Education

Conference Lesson: Using Technology Effectively

By Katie Ash — February 19, 2009 2 min read

Working from home can be isolating at times, and it’s always a treat when I can get out of the house and talk with real, live people about ed-tech issues, which is what I spent all day Friday doing at the Northwest Council for Computer Education’s “Navigating the New World With Technology” conference here in Portland.

The conference opened with a keynote address from Debra Pickering, author of several books about teaching and learning that she’s co-authored with Robert Marzano. Pickering addressed a couple of issues that I hear about over and over as I talk to teachers who are trying to effectively implement technology into the classroom—how do you create meaningful lessons for students that achieve the learning goals you set, and where does technology fit into the equation?

To keep yourself on track, Pickering suggested asking yourself some tough questions, such as “what is the learning goal?” and “is this assignment really the best way to reach that goal?” As well as, “is this assignment worth the time it will take the student to complete?”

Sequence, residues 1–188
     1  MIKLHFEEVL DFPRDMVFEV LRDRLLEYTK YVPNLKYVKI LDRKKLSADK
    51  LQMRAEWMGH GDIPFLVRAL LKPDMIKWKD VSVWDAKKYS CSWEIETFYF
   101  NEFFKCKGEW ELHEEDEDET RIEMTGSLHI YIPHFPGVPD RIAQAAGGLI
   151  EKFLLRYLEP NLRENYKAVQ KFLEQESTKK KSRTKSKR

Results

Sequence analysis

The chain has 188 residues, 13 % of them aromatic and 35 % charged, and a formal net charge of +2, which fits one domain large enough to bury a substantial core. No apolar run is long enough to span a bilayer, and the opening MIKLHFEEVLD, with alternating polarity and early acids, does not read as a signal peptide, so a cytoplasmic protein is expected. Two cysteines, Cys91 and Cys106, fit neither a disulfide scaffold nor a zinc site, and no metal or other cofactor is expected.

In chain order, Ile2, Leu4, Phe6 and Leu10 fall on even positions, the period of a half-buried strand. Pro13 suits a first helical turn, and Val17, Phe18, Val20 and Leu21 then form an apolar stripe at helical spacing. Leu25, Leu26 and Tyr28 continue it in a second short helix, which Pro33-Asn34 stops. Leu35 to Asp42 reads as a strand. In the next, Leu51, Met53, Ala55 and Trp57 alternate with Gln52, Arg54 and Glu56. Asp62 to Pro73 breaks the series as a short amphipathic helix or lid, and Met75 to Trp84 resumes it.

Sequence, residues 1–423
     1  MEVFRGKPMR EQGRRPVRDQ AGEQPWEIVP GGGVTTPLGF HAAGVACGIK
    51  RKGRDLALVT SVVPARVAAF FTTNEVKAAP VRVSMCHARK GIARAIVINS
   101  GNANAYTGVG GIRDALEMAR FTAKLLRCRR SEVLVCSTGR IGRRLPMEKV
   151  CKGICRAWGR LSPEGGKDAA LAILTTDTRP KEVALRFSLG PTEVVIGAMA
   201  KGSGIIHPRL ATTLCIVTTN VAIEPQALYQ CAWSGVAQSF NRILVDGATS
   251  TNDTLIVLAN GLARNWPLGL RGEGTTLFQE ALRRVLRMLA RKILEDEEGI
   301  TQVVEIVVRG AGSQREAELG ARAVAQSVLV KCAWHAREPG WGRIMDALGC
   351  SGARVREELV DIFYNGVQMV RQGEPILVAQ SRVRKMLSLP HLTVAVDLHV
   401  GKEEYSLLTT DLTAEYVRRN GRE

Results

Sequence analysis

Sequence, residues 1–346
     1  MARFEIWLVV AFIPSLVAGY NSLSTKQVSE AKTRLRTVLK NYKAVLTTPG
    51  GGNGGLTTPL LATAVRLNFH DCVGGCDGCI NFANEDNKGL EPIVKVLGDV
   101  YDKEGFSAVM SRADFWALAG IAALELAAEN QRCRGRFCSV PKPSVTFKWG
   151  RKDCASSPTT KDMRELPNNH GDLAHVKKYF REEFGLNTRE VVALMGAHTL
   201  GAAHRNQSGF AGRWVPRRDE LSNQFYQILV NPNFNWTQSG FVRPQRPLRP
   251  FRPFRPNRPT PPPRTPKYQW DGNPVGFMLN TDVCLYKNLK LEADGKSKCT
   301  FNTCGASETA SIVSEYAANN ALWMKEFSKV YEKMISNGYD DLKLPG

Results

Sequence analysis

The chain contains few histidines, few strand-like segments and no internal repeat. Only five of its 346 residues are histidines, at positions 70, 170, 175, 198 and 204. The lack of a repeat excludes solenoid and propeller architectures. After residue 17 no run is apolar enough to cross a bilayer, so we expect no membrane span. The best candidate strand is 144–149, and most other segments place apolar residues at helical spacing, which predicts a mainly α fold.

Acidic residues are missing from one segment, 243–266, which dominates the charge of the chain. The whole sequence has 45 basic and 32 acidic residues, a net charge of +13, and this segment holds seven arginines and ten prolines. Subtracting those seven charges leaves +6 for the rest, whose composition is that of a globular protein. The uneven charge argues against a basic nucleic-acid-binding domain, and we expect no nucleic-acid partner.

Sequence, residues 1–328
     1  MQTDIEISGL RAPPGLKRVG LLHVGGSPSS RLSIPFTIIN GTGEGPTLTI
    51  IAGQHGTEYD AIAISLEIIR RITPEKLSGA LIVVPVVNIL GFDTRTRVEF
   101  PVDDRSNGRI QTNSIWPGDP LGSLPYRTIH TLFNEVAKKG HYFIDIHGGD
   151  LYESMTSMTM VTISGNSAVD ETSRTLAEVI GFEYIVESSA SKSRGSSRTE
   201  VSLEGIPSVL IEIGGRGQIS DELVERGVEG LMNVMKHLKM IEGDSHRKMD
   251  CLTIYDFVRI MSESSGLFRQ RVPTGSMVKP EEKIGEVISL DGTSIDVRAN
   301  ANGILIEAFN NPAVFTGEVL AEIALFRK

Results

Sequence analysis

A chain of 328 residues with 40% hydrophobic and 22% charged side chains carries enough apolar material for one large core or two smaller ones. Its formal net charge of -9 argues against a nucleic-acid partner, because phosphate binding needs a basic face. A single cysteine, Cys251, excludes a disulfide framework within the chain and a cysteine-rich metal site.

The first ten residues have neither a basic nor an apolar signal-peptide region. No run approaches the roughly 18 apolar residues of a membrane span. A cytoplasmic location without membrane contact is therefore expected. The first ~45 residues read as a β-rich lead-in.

At the root of those questions was something I hear over and over again from the ed-tech community—don’t use technology for technology’s sake. Just because you can use technology doesn’t always mean you should, Pickering stressed. Without a clear purpose and effective integration, technology doesn’t add anything to the lesson and could even be more distracting, she said.

One interesting part of Pickering’s presentation, I thought, was when she polled audience members to find out what aspect of teaching and learning technology could have the biggest and quickest impact on. Out of a list of nine choices (learning goals and feedback, introducing new knowledge, practicing and deepening, meaningful use of knowledge, student engagement, establishing rules and procedures, adherence to rules and procedures, teacher-student relationships, and high expectations), the overwhelming majority chose student engagement. Which, for the record, was my choice as well. The poll then prompted a discussion of how important it is to both capture students’ attention as well as sustain their interest. Although technology can initially capture students’ interest and lead to higher engagement, students really need to be engaged in the lesson or subject matter—not the technology.

Stay tuned to hear about a couple of really fantastic sessions I attended at the conference—one about open content resources for teachers and the other about standards for IT administrators.

A version of this news article first appeared in the Digital Education blog.